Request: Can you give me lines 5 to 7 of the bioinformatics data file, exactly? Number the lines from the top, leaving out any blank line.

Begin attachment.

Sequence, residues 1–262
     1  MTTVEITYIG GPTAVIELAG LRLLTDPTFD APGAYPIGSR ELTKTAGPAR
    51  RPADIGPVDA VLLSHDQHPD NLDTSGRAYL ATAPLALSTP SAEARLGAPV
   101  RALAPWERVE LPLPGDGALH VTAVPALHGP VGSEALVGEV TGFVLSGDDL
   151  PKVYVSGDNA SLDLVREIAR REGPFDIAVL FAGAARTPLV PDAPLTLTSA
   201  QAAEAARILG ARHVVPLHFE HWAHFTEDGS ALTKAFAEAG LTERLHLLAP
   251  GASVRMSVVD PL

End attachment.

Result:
   151  PKVYVSGDNA SLDLVREIAR REGPFDIAVL FAGAARTPLV PDAPLTLTSA
   201  QAAEAARILG ARHVVPLHFE HWAHFTEDGS ALTKAFAEAG LTERLHLLAP
   251  GASVRMSVVD PL